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Darren's Guide for all Goldfish beginners

                                Welcome to my site!!!

If you are into goldfish and have the intention to rear goldfish, you have come to the right place. Here it is the very own Singapore owned website, however this website is still down in construction and more will uploaded..

 Do enjoy your surfing here and do come back here again as this website will always updated whenever I am free.

 


 

Breeding Goldfish

Breeding common goldfish is tricky, let alone fancy varieties.

Considering a 20-gallon tank is needed for keeping parent goldfish healthy, and as many as 10,000 eggs can be laid by any female at one time, you shouldn't attempt to breed goldfish without adequate tank space.

Temperatures also need to be gradually adjusted to stimulate changing seasons during breeding, pre-spawning and spawning periods (look up fish breeding guides for the right temperatures).

Quality Breeds

The quality of the offspring depends on the parents. Choose fish exhibiting qualities such as good fins, body size, shape and colour. Healthy young fish from two to four years of age at four to six inches make good breeders.

Conditioning the Parents

Healthy, strong parents spawn more readily and have a higher fertility rate. For healthy, viable eggs in females and good milt in males, feed them heavily with nutritious, well-balanced diets of high protein foods. Add thick foliage, fine floating plants or sponge filters for a spawning site.

Mating Patterns

You'll know your goldfish whether they are ready to spawn when their colours intensify. Fish starts grouping together, and a few males may single out and chase a partner vigorously, through the water into plants.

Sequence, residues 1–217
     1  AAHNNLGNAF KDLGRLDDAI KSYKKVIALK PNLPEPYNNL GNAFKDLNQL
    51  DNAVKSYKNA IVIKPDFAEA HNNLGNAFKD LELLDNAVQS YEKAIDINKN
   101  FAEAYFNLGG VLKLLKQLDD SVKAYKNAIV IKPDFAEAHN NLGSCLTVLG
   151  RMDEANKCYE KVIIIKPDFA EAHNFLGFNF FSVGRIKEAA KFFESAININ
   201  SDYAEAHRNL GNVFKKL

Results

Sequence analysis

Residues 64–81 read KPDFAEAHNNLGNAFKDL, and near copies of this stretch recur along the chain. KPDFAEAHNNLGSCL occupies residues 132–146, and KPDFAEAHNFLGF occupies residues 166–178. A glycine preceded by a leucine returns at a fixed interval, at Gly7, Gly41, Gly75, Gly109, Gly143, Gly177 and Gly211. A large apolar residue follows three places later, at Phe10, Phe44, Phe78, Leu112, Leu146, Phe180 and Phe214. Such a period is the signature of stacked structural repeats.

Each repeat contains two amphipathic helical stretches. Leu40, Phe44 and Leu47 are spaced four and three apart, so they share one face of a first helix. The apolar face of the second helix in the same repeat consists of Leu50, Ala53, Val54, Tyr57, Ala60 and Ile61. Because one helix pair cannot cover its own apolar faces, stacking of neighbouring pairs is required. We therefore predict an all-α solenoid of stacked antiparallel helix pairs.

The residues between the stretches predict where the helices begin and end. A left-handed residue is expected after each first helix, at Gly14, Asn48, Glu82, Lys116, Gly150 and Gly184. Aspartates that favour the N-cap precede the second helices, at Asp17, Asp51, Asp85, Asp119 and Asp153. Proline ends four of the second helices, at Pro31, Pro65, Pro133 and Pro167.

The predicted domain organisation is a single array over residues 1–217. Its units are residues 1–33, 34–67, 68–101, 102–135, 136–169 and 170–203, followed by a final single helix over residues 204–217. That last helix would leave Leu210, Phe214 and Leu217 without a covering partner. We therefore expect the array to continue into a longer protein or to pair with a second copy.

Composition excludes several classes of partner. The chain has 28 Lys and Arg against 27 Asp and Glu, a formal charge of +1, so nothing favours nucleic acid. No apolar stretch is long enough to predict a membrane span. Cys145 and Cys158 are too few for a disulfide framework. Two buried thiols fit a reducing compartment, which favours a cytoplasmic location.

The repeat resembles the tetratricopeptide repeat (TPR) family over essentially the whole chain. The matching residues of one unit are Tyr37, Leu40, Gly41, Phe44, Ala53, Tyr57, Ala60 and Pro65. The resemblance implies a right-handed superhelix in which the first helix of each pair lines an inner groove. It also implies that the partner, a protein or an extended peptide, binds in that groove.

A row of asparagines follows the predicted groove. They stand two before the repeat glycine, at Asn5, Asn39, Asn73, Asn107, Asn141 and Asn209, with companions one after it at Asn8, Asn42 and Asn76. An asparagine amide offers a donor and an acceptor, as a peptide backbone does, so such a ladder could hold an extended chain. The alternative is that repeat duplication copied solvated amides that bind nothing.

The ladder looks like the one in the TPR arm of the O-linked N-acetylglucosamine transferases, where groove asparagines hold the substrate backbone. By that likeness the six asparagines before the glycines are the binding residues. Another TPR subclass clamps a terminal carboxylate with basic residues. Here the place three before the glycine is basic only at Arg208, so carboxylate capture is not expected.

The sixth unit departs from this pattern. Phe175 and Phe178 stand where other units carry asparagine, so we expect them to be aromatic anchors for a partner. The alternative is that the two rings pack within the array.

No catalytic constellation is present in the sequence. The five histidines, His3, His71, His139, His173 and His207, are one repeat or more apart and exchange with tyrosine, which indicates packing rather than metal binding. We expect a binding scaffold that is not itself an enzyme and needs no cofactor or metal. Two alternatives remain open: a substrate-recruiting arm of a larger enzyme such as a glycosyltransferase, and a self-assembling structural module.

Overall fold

When mating, the male pushes the female and both gyrate from side to side. The female expel her eggs for fertislisation, and the eggs then stick to the plants or sponge filters where they remain till they hatch.

Spawning  periods may take up to a few days. As goldfish have absolutely no parenting instincts, be sure you remove adults from the tank, or the eggs will get devoured.

Egg Development

The eggs resemble tiny transparent bubbles. Fertile ones are pale yellow, infertile ones opaque white. Remove infertile eggs immediately as they get covered with fungus within a day.

Once eggs are fertilised, pigmented eyes, small spots and a beating heart take shape after two to three days. On the fifth to seventh day, larval fish with yolk sacs on their bellies burst out thereafter and cling to plants and the tank sides, resting most of the time.

A few days after, they break free for food, colouring starts after a month or so.

Caring for Fry

Feed your fry nutritious foods four to six times daily for the first few weeks.

A solution of hard-boiled egg yolk with water makes an excellent first food, as do live foods such as daphnia and brine shrimp. You can also feed them commercial powdered fry foods available from fish shops.

As fry are extremely delicate, water conditions should not undergo sudden changes. Ensure good and stable water conditions for survival.

Links

Sickness and Disease:    

http://www.puregold.aquaria.net/pg/disease/disease.htm